Footing the bill for your child’s college education is one of the most expensive parts of being a parent. However, many parents are slashing those expenses in half by sending their teens to a local community college for the first two years of their college career and later switching to a four-year college to complete their Bachelor’s degree.
How can a community college save you a bundle?
1. Tuition. According to an article published by US News, the average annual cost of tuition for a community college is a mere $2,500, while its four-year counterparts average $7,000 for a public university and $26,000 for a private college.
When starting in a community college, you can save between $4,500 and $23,500 per year on tuition. Over two years, your savings amount to $9,000 to $47,000!
These savings don’t include the extra expenses associated with attending college – just the tuition. Therefore, your savings are bound to increase when considering other college-related costs.
2. Financial Assistance. If your teen is eligible to receive grants from the government, your out-of-pocket costs may very well drop to $0. You can use these years of “free” college to ramp up your savings for the upcoming years your student will spend in a four-year college.
Many students even receive a check for the overage of their grant, ranging from $200 to $600 or more per semester.
It’s a misconception that only children from low-income families can receive grants. However, the government offers both needs-based and non-needs-based grants. This is in addition to the aid received through the FAFSA and other sources like scholarships.
3. Room and Board. Next to tuition, room and board will be the most costly expense of sending your kid to college. Attending a local community college allows you to forego this expense by having your teen live at home.
According to Collegeboard.com, annual room and board at a public college averages $7,400, while the average is over $8,500 at a private college.
Even if you decide to give your teen the “ultimate college experience” by allowing them to live in the dorm, the room and board rates of a community college are significantly lower than those charged by four-year colleges.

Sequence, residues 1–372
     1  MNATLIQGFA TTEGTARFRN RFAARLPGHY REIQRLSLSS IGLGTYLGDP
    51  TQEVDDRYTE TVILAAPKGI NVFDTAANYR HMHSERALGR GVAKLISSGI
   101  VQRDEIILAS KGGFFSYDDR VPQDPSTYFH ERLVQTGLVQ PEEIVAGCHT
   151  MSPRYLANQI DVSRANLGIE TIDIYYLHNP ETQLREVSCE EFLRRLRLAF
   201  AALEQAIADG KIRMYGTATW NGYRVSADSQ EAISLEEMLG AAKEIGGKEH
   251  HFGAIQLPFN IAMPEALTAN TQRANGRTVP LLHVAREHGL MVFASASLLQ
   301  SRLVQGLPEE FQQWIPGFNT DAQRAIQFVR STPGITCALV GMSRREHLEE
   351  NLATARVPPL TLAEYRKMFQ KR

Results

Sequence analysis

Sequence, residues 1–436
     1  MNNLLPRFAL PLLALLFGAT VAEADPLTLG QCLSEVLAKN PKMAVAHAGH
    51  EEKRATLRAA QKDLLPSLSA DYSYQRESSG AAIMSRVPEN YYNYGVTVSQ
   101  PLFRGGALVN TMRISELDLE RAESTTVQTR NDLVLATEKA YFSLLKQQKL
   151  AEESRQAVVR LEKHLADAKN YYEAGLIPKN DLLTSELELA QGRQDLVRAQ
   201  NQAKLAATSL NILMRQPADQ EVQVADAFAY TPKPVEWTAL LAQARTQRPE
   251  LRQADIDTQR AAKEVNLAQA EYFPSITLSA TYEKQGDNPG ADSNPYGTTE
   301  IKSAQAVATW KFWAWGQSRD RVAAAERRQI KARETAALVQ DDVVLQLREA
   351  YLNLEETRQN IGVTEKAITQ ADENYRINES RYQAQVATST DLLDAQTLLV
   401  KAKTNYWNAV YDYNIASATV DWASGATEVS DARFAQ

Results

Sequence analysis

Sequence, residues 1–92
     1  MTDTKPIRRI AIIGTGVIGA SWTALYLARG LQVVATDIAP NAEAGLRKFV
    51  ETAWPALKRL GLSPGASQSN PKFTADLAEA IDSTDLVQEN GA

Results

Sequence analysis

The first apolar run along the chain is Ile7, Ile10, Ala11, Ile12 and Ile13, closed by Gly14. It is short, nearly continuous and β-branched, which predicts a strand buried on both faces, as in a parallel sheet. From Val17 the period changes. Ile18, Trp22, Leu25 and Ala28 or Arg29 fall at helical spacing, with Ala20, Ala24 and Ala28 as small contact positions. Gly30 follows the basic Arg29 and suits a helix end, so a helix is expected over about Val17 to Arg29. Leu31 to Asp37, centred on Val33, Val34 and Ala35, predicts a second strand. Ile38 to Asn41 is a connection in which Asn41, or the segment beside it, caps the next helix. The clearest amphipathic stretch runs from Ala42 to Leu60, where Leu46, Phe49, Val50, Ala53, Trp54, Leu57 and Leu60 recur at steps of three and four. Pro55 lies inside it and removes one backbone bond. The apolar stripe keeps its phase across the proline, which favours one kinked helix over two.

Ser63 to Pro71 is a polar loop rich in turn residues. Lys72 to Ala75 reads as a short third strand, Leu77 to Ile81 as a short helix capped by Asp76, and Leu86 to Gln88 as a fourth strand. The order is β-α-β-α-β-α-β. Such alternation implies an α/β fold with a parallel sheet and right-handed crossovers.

Keep in mind that most community colleges refrain from offering housing to their students.
4. Fewer amenities. Community colleges are designed to keep costs low for the students. Therefore, a no-frills campus is the norm. It’s common for community colleges to forego dorm rooms, elaborate sports teams and stadiums, fraternities/sororities, and other distractions.
Eliminating some of these “frills” will help your student focus on his schoolwork rather than indulging in dorm life, a bowling league, or a fraternity.
Another reason community colleges can keep costs so low is because they often forego teacher’s assistants, which are generally paid an average of $15,000 per year. Professors must take on a heavier workload, but students benefit from being taught by a professor rather than an assistant.
In short: there’s nothing wrong with community colleges. Yes, there will be fewer frills, and your teen will have to become comfortable with the fact that they’ll live with mom and dad for two more years. But this also avoids rowdy roommates and the distractions that ensue.
Your teen may be giving up a few parts of “the ultimate college experience” for the first two years, but they can make up for it in the final years of their college career. Also, your teen may be able to graduate from college with little to no debt. For most kids, it’s a worthy tradeoff.
Would you like to know more about which type of post-secondary school is right for your teen? Schedule a complimentary College Assessment Plan call with me here.